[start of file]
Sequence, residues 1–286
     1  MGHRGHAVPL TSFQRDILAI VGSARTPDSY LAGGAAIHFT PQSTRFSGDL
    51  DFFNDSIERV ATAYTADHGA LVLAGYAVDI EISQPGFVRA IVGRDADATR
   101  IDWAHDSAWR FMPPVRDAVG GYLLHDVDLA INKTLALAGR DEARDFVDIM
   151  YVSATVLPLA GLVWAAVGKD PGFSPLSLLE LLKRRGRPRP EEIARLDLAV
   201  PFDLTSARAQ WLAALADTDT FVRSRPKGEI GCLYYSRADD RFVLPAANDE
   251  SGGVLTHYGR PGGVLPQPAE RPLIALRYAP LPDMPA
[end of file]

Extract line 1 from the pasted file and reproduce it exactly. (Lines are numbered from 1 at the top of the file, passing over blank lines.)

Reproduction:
Sequence, residues 1–286